How to Build Your Own Stereo Tube Amplifier

Building your own stereo tube amplifier is a great way of creating a versatile piece of musical equipment. Stereo tube amplifiers are great for creating modulated and spacey guitar sounds. The stereo configuration of two speakers enables you to shift the signal phase between the pair. The signal processing part of your amplifier will duplicate and delay the signal, so the speakers are out of phase. You can build your stereo tube amplifier based on the specifications of a commercially made amp that you like, or you can use your own spec.

Acquire your parts. The easiest way to get the necessary components is to purchase a stereo tube amplifier kit. For example, the "Classic Guitar Amps" website has a kit that emulates the four speaker Fender Bassman amp. You need at least two speakers to achieve stereo. You can salvage your parts from an old or damaged amplifier, such as a Fender Twin. This amp is a classic tube-powered stereo combo.

Measure the speakers and mark out on the cabinet's support struts where to screw them in. If the cabinet isn't preassembled this will be easier. If it is preassembled you'll need to reach inside the cab to make the measurements.

Prepare your cabinet. Depending on the kit model, this will come either preassembled, part-assembled or completely assembled. Follow the assembly instructions that come with the kit to fit it together. Use a strong polyvinyl acetate to fit the corners of the side and top panels together. Screw them together once the glue has dried. Slot the amp chassis shelf into the cabinet. If you are salvaging your parts the cab will be prebuilt.

Fit the speakers. Screw them into the holes that you marked on the support strut.

Assemble the circuit board. The circuit board processes and manipulates the audio signal. Solder the surface-mounted components in place as per the schematic and assembly instructions.

Fit the circuit board to the chassis. The amp chassis contains the preamp and power amp sections. The preamp converts the input signal into an electrical current. The circuit board controls the flow of the signal once it reaches the preamp. Solder the input jack terminal to the input terminal of the printed circuit board. The potentiometers dictate the flow of current. Each time you turn a dial on the amp, the potentiometer increases or decreases the current sent to the circuit board. Solder each potentiometer to the relevant place on the board, as per the wiring schematic.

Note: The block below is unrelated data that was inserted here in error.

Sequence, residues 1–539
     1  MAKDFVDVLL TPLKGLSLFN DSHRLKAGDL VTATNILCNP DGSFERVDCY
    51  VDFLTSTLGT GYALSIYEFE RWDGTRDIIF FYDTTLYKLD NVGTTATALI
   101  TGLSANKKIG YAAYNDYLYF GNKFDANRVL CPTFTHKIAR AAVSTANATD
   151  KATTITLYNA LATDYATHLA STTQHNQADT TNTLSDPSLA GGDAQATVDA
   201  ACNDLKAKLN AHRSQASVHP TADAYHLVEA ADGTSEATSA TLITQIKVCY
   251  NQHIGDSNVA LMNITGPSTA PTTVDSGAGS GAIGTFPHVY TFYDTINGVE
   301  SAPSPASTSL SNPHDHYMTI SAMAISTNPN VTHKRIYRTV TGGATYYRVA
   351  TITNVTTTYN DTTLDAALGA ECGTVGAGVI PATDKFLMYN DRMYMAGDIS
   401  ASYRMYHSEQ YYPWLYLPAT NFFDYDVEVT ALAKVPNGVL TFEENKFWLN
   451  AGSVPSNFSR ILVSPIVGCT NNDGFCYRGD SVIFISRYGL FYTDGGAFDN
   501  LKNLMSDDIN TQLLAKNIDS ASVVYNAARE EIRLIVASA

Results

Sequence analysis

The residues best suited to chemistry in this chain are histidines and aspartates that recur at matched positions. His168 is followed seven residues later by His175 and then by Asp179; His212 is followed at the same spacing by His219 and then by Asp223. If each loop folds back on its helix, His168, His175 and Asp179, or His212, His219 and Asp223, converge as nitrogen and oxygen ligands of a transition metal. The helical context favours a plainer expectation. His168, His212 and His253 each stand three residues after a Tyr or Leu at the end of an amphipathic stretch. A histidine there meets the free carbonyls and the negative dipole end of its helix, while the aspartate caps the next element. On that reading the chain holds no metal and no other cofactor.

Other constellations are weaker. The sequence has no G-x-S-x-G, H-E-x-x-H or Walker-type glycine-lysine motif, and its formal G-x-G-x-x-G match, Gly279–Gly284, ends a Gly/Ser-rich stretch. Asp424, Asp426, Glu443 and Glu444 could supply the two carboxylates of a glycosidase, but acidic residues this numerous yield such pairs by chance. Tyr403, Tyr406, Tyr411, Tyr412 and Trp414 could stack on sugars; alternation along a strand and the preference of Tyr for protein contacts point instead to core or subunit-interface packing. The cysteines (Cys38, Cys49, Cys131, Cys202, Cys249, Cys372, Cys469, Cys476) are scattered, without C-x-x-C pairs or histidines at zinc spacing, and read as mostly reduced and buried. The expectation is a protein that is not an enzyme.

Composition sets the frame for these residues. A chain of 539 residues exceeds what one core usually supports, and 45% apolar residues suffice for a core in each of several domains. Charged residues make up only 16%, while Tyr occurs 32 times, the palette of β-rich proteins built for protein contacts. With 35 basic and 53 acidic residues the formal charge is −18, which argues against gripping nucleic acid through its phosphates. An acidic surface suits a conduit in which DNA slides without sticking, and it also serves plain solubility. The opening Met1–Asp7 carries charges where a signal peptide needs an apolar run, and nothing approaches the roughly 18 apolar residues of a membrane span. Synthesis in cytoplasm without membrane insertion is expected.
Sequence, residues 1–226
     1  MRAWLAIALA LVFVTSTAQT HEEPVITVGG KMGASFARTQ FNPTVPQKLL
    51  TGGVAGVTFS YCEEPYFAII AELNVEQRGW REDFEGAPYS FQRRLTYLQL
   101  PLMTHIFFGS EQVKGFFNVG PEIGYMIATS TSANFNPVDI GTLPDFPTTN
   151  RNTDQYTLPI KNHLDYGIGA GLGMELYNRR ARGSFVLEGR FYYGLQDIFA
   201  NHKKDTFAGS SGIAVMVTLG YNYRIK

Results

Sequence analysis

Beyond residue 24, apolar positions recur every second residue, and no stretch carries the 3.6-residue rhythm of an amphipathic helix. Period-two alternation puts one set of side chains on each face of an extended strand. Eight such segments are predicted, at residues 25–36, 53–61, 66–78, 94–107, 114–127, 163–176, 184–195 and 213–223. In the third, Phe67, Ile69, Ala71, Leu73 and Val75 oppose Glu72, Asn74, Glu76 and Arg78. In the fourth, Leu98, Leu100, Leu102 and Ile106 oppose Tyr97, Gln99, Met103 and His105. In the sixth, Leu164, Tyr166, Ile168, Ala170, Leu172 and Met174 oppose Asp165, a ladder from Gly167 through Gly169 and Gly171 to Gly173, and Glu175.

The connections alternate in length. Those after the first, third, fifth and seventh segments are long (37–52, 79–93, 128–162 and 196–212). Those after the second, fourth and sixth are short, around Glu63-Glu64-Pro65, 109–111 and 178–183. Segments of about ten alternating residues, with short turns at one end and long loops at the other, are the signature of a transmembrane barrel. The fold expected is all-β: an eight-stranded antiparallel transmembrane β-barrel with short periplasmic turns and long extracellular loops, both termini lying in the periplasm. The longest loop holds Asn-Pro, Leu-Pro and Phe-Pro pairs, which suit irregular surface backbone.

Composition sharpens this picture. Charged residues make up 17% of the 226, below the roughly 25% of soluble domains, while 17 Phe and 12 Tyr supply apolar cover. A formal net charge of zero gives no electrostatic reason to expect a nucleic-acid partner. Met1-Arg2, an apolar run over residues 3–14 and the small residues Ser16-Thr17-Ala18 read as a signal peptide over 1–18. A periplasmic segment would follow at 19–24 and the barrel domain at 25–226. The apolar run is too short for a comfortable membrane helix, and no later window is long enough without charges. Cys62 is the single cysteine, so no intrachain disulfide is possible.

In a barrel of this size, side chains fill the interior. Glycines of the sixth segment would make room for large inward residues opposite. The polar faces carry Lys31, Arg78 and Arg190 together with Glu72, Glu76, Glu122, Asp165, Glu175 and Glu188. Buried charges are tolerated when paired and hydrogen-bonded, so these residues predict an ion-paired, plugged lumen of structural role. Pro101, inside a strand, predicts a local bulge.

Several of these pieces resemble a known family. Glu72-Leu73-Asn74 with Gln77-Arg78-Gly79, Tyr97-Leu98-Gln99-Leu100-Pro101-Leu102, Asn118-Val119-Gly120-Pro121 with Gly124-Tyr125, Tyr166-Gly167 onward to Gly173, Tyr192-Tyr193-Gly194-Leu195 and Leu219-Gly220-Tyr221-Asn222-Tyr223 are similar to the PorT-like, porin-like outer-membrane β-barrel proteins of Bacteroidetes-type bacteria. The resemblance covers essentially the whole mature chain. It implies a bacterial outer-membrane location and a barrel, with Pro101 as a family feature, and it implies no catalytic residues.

Power the speakers. The power amp adds a voltage to the audio signal's electrical current, which it then sends to the speakers. Solder two wires to the output terminal on the power amp and slot them through the hole marked on the wiring diagram.

Fit the chassis lid. Depending on the kit model, this is either screwed or soldered on. Slot the fully assembled chassis into the shelf. Take the wires that you connected to the output terminal on the power amp and solder one to each speaker.

Load the tubes into the tube bases on the exterior of the amp chassis. Fit the front grille and screw on the back panel.


Wear surgical gloves when fitting the tubes. Oils from your skin can create hot spots on the glass.


If you are unsure at any stage during your amp project, consult a professional. Amplifiers can carry a potentially lethal current.

Things You'll Need

  • Cabinet
  • Preamp
  • Power amp
  • 2 speakers
  • Tubes
  • Amp chassis
  • Printed circuit board
  • Surface mounted components
  • Polyvinyl acetate
  • Screws
  • Screwdriver
  • Soldering iron
  • Wire
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About the Author

Simon Foden has been a freelance writer and editor since 1999. He began his writing career after graduating with a Bachelors of Arts degree in music from Salford University. He has contributed to and written for various magazines including "K9 Magazine" and "Pet Friendly Magazine." He has also written for